Thank you for responding. Yes, I am aware that McDaniel and McDonald are variants of the same surname and very common. What triggered the original question is the apparent mismatch on the common ancestor if the match is relatively close since my g-g-grandfather supposedly arrived over 200 years after the match's paternal relative. Am I going to far with the match results? Thank you again.

          Comment


          • #6
            This where SNPs might (but only might) help.

            STRs can possibly mutate back, so it is impossible to draw more definite conclusions than what you already know (that you are closely related).

            What does Family Finder say?

            Mr. W

            Comment


            • #7
              Originally posted by mcdodav View Post
              I am a total beginner with DNA results. I have recently received my YDNA67 results. The closest match has a genetic distance = 1. Do I understand correctly that there is a fairly high probability of a common ancestor within 4-8 generations? I ask because my surname is McDonald. Family lore says my GG-grandfather immigrated from Ireland somewhere around the 1860's to Mobile, Alabama. However, my match is a McDaniel who traces his paternal lineage to a man in Virginia in the 1650's. There are also a number of McDaniels (and no McDonalds) with a genetic distance = 2. I'm trying to understand if I am interpreting this correctly. Does this mean that something is incorrect in the family lore and perhaps my known ancestor actually came from Virginia and maybe changed his name? Just trying to figure out what I can learn from the results. Thanks in advance for any help our advice.
              Your case in interesting and if you end up finding out one way or another what the answer is then it would be helpful to the genealogical community if you keep us updated with your findings.

              Dr. Doug McDonald, the admin of the Clan Donald USA Genetic Genealogy Project at http://dna-project.clan-donald-usa.org/ would be able to help you the most but we might be able to help you out some before you contact him. Do you have a kit number you are willing to share? Are you in any of the DNA projects? Have your matches had a 111 marker test? Do you have Census records and the death record of your GG-Grandfather?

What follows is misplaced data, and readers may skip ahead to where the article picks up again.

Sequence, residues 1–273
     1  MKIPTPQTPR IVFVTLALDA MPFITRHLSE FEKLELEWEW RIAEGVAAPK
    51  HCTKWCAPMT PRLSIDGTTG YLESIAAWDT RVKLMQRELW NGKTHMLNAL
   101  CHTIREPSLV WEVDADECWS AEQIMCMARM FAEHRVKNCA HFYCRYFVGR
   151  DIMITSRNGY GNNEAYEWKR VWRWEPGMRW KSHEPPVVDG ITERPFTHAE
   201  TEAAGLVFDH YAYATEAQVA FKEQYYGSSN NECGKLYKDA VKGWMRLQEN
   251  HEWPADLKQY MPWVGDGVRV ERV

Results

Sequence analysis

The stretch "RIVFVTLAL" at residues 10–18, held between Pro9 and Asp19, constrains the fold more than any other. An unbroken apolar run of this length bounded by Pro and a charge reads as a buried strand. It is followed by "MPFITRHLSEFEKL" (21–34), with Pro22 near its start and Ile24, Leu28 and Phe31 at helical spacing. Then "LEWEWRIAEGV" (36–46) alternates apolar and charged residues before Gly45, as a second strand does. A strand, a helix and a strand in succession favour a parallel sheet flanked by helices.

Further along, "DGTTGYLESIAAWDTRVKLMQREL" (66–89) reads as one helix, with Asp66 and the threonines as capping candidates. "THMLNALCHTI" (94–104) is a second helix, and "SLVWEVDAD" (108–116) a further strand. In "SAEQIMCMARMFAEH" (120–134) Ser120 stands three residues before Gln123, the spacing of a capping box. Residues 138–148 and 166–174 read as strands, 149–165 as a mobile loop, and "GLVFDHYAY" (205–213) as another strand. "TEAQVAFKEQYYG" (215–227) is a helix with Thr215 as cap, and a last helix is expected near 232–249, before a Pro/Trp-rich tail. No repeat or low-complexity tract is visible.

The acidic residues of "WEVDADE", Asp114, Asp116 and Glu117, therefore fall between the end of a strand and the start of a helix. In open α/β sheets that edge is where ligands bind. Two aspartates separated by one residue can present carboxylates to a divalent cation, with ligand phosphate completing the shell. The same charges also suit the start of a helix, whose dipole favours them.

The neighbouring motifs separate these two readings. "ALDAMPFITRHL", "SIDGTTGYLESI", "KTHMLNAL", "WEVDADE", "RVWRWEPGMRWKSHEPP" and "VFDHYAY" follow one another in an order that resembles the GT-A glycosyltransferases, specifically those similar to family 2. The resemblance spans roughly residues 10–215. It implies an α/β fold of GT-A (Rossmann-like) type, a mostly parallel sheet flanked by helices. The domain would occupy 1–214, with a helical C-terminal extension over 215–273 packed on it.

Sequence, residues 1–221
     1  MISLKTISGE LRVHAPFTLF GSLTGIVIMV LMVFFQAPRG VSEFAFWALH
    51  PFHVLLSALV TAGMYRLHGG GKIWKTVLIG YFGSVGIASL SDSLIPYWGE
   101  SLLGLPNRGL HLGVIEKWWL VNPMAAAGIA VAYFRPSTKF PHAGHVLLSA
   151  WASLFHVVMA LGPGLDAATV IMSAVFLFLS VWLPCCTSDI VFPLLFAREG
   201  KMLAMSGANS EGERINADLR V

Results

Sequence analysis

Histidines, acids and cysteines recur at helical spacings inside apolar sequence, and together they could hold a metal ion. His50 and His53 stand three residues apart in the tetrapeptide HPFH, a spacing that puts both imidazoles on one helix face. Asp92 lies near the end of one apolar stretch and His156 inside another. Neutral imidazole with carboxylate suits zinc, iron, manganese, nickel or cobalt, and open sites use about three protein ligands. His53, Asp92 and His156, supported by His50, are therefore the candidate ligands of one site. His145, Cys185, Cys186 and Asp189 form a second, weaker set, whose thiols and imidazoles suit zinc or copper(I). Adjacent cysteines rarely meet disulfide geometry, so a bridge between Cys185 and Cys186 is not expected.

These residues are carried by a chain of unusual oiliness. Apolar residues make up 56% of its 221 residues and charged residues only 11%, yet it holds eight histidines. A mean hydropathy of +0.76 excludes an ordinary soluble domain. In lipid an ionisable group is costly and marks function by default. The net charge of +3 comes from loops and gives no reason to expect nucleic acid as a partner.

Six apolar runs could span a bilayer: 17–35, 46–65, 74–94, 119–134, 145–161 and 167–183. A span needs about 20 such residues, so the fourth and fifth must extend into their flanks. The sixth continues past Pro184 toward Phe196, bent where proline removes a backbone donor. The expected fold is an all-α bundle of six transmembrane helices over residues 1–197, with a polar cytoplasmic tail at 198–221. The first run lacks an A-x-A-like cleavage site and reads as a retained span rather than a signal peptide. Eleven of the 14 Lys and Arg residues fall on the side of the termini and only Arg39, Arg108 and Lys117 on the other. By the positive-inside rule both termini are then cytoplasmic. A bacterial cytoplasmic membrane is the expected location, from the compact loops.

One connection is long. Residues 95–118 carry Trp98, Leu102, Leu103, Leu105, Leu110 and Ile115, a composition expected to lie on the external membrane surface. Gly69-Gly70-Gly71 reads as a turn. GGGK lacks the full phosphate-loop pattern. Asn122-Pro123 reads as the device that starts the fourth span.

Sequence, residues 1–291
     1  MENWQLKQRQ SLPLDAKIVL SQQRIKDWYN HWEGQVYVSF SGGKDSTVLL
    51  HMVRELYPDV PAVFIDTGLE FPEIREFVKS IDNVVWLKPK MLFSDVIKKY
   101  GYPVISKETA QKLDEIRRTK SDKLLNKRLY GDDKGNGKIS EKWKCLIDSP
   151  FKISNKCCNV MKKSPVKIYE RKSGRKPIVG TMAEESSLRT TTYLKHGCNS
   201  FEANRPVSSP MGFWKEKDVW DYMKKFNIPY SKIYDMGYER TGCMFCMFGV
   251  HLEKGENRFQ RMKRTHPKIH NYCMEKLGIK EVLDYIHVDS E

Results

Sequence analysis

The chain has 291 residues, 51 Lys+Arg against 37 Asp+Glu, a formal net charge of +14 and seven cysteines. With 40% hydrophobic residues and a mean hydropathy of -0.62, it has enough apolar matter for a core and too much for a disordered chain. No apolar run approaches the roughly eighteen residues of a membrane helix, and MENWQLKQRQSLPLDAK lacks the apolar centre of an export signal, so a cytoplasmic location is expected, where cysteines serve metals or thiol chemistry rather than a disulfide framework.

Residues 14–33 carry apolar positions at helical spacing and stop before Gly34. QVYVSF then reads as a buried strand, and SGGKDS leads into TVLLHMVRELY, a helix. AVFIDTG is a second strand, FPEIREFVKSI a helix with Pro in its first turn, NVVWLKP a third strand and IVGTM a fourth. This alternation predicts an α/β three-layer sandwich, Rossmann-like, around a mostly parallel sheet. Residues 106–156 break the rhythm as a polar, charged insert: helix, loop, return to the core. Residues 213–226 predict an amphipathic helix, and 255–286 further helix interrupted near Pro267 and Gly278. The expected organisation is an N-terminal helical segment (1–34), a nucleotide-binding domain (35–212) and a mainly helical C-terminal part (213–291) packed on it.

Comment


              • #8
                Here are comments Dr. Doug McDonald has a about 111 STR markers and BigY on GENEALOGY-DNA-L Archives site that you might want to keep in mind for later -


                The answer to your BigY question is .... NO ... UNLESS you can get many more BigYs
                fro people in the same haplogroup, and CAREFULLY analyze all of them to determine
                which SNPs are reliable and which are not. You simply cannot determine how related people are from the analyzed data FTDNA provides. This is because they don't take into account nocalls properly. The info is there in the raw data download, however. If you provide, say, 10 or 15 raw data zip files I could provide an analysis for you.

                In the Clan Donald project we can't get to 2-3 generations with only pairs ....
                but its very close to that.

                Doug McDonald
                http://archiver.rootsweb.ancestry.co...-09/1441301867

                I should add this: once you DO manage to get a good handle on a set of reliable BigY SNPs
                for people with a MRCA in the last 2000 or so years, it turns out that the discrimination
                power of them is about equal to that of 111 STRs. So you can average the TMRCA values
                from the two methods and get a result that is 1.414 times more accurate. This really does work!

                Doug McDonald
                http://archiver.rootsweb.ancestry.co...-09/1441380557